Trump’s first 100 days of chaos

“We only seek to find the truth and set it free,” reads the slogan of the nonpartisan public affairs forum, San Francisco-based Commonwealth Club. Before the Club moved to temporary headquarters, en route to its brand new offices which are set to open sometime this year, I always loved riding the elevator to the meeting rooms – and reading that message in large script on the entry wall.

Today, finding the truth is a tall order.

Warning: This is a political column. Despite my avowed intention to stay out of politics until there is at least a ray of hope somewhere, politics just won’t go away.

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Recently the Commonwealth Club hosted a program titled “Trump’s First 100 Days: Part One.” Panelists included two women: Zahra Billoo, Executive Director of the SF Bay Area Council on American-Islamic Relations (a US-born citizen); and retired CA Supreme Court Judge LaDoris Hazzard Cordell, Chair, Santa Clara Jail Commission (and the great-granddaughter of slaves, she mentioned at one point.) They were two impressive citizens. This writer would have been happy to spend an hour listening to their understandings and perspectives.

Also on the panel were two white male gentlemen who dominated (unless the Moderator intervened) the conversation: Steven Fish, Professor of Political Science, University of California Berkeley, and Sean Walsh, GOP Political Strategist.

Riding herd on this well-informed, and certainly passionate about their positions, quartet was Scott Shafer, Senior Editor, California Politics & Government, KQED – which is partnering with the Commonwealth Club on these programs.

If I were covering this extremely interesting event for a non-fake news outlet, it could be effectively done in about 10,000 words. Instead, I offer here the excerpted (wildly condensed)  responses each panelist had to Shafer’s opening question: In this bizarre beginning – it was 38 days in when this program aired – to the Trump presidency, “what jumps out at you?”

Steven Fish: “It is not clear that the president of the United States is completely loyal to his own country, or the ideals of democracy.”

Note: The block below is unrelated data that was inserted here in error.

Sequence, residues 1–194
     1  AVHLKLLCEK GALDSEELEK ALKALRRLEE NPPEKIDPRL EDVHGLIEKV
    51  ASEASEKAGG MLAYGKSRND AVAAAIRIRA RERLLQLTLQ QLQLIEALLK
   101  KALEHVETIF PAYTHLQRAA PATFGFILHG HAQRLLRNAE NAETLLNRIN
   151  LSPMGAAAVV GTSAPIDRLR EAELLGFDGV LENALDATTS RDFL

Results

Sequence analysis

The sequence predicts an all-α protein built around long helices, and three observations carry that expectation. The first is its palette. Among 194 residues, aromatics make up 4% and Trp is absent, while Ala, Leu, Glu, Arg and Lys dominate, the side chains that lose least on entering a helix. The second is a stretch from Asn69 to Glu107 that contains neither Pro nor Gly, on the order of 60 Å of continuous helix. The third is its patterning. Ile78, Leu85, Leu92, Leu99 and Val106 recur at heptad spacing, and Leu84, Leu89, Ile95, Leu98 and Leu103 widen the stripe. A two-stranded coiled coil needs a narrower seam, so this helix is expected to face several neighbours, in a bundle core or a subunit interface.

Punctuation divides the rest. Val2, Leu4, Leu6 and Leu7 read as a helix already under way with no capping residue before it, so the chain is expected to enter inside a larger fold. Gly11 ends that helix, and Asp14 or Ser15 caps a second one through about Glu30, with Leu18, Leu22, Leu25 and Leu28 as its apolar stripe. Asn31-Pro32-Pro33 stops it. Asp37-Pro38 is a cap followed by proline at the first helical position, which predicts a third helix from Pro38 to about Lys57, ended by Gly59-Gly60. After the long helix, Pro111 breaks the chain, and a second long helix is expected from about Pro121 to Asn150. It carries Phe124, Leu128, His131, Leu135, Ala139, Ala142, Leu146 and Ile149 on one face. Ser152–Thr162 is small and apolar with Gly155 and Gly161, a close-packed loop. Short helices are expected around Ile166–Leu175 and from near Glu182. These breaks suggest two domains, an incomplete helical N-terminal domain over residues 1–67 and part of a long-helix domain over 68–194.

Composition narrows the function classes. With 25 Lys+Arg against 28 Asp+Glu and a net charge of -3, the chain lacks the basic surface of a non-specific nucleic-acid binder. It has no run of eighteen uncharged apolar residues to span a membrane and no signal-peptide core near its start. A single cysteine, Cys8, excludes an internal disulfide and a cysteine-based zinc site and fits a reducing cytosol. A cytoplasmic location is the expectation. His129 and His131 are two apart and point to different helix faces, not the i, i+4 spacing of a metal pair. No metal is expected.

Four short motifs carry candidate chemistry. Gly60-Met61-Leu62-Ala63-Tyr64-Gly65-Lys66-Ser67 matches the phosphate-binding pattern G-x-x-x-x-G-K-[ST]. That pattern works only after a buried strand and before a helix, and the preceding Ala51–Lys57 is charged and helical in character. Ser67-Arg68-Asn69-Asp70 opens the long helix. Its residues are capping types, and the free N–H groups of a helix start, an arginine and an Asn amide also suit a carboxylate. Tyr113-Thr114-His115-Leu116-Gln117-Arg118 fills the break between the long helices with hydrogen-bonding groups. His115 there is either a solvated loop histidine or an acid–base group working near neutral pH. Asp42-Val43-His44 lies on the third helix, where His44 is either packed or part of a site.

Judge Cordell: “We should be talking about the first 100 lies.” (She expounded on that at some length, and with clear, concise accuracy, ticking off the lie and the truth.)

Samara Billoo: “There is a sense of fear in my community,” spurred by “racist, misogynistic, homophobic, Islamophobic” messages coming from the White House and its Republican allies.

Sean Walsh: “He does not have his advisers, transition people, in place. He (our president) is in the process of putting his administration in place.”

Shafer: “Chaos.”

It’s going to be a long 100 days, and then some.

Without abortion rights, poor women suffer

There are no winners when abortion is criminalized — unless you count conservative politicians and embryos. But there are losers.

Local public radio station KQED broadcasted an interesting hour of commentary on abortion rights August 7, one of its regular morning Forum shows. This one was hosted by Scott Shafer, and included Amy Everitt, state director for NARAL Pro-Choice CA speaking for choice and lawyer Jennifer Popick for the anti view.

The show included most of the usual arguments pro and con abortion rights, but one caller raised the issue that ought to be prominent in every news report: it’s poor women who suffer and die when abortion rights are denied. The caller pointed out that well-off women can simply go somewhere else for a safe procedure; women without money or resources have no option but to make desperate and often dangerous attempts to end an unintended, unwanted pregnancy.

I wanted to call in to read a few stories, put a few faces (like my own) on women yesterday and today without reproductive choice, but think it would be hard to do in just an hour.

Retired Presbyterian minister and former theological seminary president Laird Stuart, put it this way after reading Perilous Times: “If you doubt there is a war on women or a war on the poor, listen to the men and women, the boys and girls in this book.”